Expecting Change in Bearcat Land

Mick Cronin’s overhaul of the University of Cincinnati basketball program was destined to be a multi-year effort. No one could be expected to take over a program with one scholarship player and only the summer to recruit his first class and then immediately compete in the Big East. UC’s first two seasons under Cronin were going to suck because of the talent level available — even at the JUCO level — at that point in the game, and starting that late with such a sketchy group affected Cronin’s first full year of recruiting as well. —-

Heading into year three we got to see what a typical Cronin recruiting class should look like — the additions of Yancy Gates and Cashmere Wright were the types of moves that year-after-year keep a program stocked with the talent to consistently compete with the Big East’s best. Wright’s injury hurt this year’s team badly because of the lack of depth left over from the previous two years. But that doesn't make up for this team's complete meltdown down the stretch, which concluded with an opening-round Big East Tournament loss to DePaul, which hadn't won a league game all year. Fans are upset, with good reason, about how the team ended the season, even if it overachieved during the middle.

That’s the bad news. The good news is that there’s a lot of evidence to suggest that serious changes are coming to a team that, on paper, only has room for a couple of additions next year. In addition to adding Wright, who is expected to fully recover from his ACL tear by summer practice, the ’Cats will add Sean Kilpatrick, a 6-foot-5 freshman shooting guard out of New York. These two alone aren’t enough to make UC a top-six team in the Big East, though Wright will make a big difference.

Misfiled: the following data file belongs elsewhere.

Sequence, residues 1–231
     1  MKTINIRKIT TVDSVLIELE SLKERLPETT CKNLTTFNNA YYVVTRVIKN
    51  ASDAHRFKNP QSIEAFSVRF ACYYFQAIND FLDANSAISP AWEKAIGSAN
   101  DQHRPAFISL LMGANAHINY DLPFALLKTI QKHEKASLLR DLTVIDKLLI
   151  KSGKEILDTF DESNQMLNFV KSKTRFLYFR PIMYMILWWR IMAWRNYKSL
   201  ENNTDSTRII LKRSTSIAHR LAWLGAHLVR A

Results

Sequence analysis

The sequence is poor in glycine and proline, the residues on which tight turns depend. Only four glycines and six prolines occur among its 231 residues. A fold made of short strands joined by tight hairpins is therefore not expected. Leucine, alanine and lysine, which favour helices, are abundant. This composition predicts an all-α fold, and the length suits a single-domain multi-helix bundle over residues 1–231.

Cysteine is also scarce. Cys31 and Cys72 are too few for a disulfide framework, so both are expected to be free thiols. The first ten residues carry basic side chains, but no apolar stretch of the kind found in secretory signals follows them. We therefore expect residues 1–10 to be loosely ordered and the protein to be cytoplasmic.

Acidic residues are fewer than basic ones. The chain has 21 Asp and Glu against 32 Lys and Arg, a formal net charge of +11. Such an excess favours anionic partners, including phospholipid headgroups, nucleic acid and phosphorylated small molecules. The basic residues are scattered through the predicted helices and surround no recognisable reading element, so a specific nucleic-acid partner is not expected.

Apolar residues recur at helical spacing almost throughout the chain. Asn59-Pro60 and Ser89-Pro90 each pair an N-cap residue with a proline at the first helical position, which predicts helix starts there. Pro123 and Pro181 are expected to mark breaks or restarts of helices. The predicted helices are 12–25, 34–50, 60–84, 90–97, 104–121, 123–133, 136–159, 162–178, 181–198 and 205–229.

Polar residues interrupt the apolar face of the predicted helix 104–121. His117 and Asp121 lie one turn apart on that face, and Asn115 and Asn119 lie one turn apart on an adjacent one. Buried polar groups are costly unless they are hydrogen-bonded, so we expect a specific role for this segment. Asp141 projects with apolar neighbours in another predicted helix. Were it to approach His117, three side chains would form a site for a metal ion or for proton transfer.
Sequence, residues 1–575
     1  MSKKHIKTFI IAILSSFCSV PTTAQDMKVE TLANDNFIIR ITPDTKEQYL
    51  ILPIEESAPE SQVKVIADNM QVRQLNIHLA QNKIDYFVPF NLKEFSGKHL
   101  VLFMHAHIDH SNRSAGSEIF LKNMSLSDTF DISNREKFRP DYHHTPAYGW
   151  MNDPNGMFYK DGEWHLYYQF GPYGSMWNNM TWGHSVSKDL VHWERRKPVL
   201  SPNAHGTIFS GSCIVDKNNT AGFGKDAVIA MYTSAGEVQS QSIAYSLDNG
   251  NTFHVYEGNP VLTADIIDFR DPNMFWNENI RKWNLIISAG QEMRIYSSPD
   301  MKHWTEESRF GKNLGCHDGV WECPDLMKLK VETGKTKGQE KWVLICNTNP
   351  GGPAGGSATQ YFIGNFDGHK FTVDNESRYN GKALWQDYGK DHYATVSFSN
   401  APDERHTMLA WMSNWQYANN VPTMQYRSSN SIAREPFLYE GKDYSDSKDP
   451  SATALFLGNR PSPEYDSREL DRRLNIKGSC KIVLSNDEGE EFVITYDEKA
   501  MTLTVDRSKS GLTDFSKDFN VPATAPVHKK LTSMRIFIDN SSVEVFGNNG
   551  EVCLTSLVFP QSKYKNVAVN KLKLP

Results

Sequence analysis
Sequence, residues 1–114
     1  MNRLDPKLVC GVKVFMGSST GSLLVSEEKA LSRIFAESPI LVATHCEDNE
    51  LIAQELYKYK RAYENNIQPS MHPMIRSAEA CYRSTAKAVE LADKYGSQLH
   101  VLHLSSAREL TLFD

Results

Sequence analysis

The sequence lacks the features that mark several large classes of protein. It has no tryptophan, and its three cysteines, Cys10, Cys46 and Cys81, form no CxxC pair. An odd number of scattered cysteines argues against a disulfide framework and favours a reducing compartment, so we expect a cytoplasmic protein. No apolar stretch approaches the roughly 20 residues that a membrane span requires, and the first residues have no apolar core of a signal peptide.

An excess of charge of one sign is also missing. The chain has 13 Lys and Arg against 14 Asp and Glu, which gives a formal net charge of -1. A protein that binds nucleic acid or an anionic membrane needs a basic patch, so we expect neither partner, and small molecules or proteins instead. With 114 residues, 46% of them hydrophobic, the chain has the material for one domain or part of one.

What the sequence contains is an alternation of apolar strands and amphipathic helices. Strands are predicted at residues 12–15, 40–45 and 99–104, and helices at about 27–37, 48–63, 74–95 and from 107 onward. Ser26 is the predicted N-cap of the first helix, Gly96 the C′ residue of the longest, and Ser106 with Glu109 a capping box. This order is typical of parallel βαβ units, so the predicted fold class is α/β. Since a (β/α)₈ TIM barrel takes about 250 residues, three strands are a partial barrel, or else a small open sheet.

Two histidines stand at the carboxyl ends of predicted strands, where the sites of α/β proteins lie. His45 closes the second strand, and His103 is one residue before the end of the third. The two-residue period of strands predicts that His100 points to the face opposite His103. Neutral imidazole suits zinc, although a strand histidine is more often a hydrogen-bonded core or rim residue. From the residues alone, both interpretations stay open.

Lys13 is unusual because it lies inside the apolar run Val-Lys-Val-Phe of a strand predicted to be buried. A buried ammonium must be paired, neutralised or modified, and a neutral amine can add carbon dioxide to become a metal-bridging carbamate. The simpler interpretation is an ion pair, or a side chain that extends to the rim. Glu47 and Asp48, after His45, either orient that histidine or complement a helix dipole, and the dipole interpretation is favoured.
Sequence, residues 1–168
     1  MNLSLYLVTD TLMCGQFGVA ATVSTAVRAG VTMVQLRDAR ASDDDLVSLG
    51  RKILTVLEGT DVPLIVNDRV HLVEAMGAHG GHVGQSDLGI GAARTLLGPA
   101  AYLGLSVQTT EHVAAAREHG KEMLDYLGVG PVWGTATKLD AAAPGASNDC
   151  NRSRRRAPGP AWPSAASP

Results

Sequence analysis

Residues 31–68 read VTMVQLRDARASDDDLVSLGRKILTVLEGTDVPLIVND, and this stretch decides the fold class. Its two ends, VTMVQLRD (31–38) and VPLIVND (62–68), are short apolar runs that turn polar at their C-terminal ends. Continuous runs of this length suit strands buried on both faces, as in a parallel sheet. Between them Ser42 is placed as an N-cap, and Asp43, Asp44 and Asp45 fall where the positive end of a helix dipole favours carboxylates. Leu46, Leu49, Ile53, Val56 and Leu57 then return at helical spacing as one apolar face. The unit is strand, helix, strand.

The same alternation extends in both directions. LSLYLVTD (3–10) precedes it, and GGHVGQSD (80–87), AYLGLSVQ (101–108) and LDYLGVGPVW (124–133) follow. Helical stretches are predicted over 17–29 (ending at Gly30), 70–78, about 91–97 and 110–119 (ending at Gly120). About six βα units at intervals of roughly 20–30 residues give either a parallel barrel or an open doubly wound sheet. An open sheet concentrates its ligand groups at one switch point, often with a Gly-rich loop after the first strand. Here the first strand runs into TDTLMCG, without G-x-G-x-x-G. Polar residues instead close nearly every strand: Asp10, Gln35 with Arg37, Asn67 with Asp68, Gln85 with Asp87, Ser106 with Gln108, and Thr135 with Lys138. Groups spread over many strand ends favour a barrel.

What’s interesting about the current situation is the fact that Cronin has been recruiting more kids than it would seem he has spots for. Last summer Cronin got a verbal commitment from former NBA prospect John Riek, a 7-foot-2 Sudanese center who to date has not been cleared academically to join the team. In January Cronin accepted a transfer from Oklahoma State, 6-11 center Ibrahima Thomas, who will be eligible to play December of next year. There has been little news made public on the Riek situation, so this looks like a simple switch.

What has been made public is that Cronin is still actively recruiting for next year. UC is said to be in the mix for four-star swingman Terrell Vinson, and rumors suggest Cronin is looking for another point guard as well. An October spinal chord injury caused sophomore forward Kenny Belton to miss the season and, considering the depth of talent moving ahead of him at UC, Belton might decide to transfer to a smaller school. But that’s only one potential spot.

Rumors also suggest that a number of UC’s sophomore class are unhappy with their playing time/roles, which would only make sense if a couple of them were actually playing well. From the outside it seems like Cronin is more frustrated with what they lack (talent, work ethic, attentiveness?), and this was demonstrated when sophomore guard Alvin Mitchell sat on the bench wearing is warm-ups during UC’s Big East Tournament loss to DePaul on Tuesday. Mitchell was suspended for the last few games of last season and could be on his way out. But it really wouldn’t be surprising to see any of the other young players go with him, aside from Gates.

This still leaves the Bearcats with the question of whether Mike Williams will be granted a sixth year of eligibility. Considering the lack of development from any of the team’s current wing players, they’d be much better off if he can return. But if he’s denied that year it opens another scholarship, should Cronin believe there are still players available that can immediately help the team.

All of these situations will be cleared up soon, as UC will find out early next week whether they’ve been invited to the NIT or if their season is done (Cronin said Wednesday that the Bearcats will not accept an invitation to the CBI or Collegeinsider.com Tournament). Once the season is officially over, he'll meet with his players and release the appropriate press releases regarding their futures.

When Cronin told The Enquirer about the school’s decision to forgo the lesser postseason tournaments, he also commented on where the program will go from here: “You’ve just got to push forward. You’ve got to gain experience and upgrade talent. We have gained experience and we’ve got to continue to upgrade our talent.”

He could have said that the team needs to learn from its mistakes this year and get tougher before next season. But it seems like upgrading the talent is his preferred choice.

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